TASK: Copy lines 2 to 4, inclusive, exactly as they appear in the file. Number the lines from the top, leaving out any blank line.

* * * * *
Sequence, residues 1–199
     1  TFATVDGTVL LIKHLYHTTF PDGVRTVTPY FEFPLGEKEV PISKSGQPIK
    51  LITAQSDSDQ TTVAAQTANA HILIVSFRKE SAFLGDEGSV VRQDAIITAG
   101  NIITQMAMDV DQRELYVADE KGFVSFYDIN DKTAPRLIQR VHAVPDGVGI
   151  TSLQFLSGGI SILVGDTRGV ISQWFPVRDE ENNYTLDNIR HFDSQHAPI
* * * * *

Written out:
     1  TFATVDGTVL LIKHLYHTTF PDGVRTVTPY FEFPLGEKEV PISKSGQPIK
    51  LITAQSDSDQ TTVAAQTANA HILIVSFRKE SAFLGDEGSV VRQDAIITAG
   101  NIITQMAMDV DQRELYVADE KGFVSFYDIN DKTAPRLIQR VHAVPDGVGI